He further said he had the opportunity to refer specifically to the issue of Famagusta and the fenced area of Varosha. Beginning of the High-level Agreement of Kyprianou and Denktash of ’79 and Security-Council Resolutions that followed after that, even reports of the Secretary-General until very recently, state that this can and should be treated as a separate issue in relation to the rest of the Cyprus problem, Minister Kyprianou said.
“And we also had a resolution of the European Parliament in this respect. The issue of Varosha is an issue that falls directly under the responsibility of the Turkish Government and not the Turkish Cypriots and in that sense we asked the Secretary-General to help with the effort of convincing the Turkish Government to allow UN experts to enter the fenced area, to begin the study on the structural engineering and architectural situation with a view of one day to be able to open the city, reconstructing it and allowing its inhabitants to return”.
However, he said that in the first phase, given that Varosha has been a ghost town for the last 36 years, the first step would be to allow the UN experts to enter the area. “I think it is a humanitarian issue, it is not a political issue, it is not something that can be dealt with at the table of the negotiations between the two sides on the island. That is the responsibility of the Turkish Government so we asked the Secretary-General to encourage the Turkish Government to be positive in this respect”, Kyprianou noted.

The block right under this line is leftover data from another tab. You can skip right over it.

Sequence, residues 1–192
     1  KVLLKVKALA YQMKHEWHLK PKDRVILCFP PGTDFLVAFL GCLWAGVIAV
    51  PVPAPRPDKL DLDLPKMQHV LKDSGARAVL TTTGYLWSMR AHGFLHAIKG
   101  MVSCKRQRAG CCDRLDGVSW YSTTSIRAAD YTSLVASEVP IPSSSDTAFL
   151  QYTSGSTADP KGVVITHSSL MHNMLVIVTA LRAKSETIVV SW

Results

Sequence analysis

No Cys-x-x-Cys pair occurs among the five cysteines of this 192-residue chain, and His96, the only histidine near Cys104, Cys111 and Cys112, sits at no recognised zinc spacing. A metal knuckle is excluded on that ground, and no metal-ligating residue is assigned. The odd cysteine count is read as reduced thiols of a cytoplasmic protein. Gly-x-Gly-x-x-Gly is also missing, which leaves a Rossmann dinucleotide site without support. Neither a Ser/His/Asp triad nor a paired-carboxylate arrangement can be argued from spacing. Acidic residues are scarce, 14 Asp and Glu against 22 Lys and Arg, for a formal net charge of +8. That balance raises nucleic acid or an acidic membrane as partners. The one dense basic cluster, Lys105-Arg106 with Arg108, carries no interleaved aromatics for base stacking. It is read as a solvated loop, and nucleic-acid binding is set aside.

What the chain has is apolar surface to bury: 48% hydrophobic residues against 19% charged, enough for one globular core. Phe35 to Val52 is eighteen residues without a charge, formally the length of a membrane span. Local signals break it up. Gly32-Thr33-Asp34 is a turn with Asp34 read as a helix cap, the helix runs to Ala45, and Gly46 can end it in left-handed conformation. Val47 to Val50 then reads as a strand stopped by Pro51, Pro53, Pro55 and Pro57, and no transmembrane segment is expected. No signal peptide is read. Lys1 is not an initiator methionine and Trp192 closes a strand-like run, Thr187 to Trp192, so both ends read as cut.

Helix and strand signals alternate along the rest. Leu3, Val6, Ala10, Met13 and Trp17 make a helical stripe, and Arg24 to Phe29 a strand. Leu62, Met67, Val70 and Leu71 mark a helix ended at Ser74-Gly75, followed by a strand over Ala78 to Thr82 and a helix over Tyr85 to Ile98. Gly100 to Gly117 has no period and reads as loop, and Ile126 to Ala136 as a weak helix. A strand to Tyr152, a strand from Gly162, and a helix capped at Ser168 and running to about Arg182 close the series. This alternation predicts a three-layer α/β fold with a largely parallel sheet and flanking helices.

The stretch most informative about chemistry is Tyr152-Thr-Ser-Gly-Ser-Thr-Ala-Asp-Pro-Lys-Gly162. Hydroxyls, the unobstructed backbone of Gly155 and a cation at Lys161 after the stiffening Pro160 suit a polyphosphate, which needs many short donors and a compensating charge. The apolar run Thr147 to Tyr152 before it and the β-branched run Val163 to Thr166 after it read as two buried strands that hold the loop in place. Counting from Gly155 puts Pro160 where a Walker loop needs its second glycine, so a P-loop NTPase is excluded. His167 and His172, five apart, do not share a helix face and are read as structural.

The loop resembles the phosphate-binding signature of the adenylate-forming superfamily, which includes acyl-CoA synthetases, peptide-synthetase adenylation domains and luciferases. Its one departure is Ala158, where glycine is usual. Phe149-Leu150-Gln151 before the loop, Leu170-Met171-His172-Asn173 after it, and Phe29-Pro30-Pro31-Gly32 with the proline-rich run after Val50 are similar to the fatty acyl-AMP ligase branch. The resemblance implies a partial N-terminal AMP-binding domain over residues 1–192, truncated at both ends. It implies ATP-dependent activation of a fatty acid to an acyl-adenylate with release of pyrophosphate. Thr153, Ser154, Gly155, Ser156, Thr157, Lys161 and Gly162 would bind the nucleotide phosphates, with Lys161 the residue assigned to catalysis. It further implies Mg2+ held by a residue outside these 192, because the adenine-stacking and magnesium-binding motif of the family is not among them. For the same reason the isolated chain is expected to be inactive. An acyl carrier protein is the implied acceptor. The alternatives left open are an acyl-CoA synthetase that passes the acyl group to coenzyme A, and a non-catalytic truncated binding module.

The Cypriot FM said “it is very important someone who is an interlocutor, someone who is very constructive and supports this target of the bizonal, bicommunal federation but at the same time it is important to have an active constructive role on the part of the Turkish Government. Especially on the subjects that will follow in the next phase being the issues of security, of territorial adjustments and so forth.”
Regarding the Turkish government’s role, Kyprianou said “so far is acting more as an observer. But we believe that even though the Turkish government is not sitting at the negotiating table, is a party to this conflict and therefore we would like to see the Turkish government sending more positive messages and taking more positive and firm positions on the various issues. Not just to send a positive signal to the Greek Cypriot community but also to reinforce what is being done by the Turkish Cypriot leadership. We had the statements by the Prime Minister recently. These are encouraging signals but of course, at the end of the day what counts is what is said at the negotiations and not in interviews. So we expect to see these signals being transformed to negotiating positions when the negotiations resume”.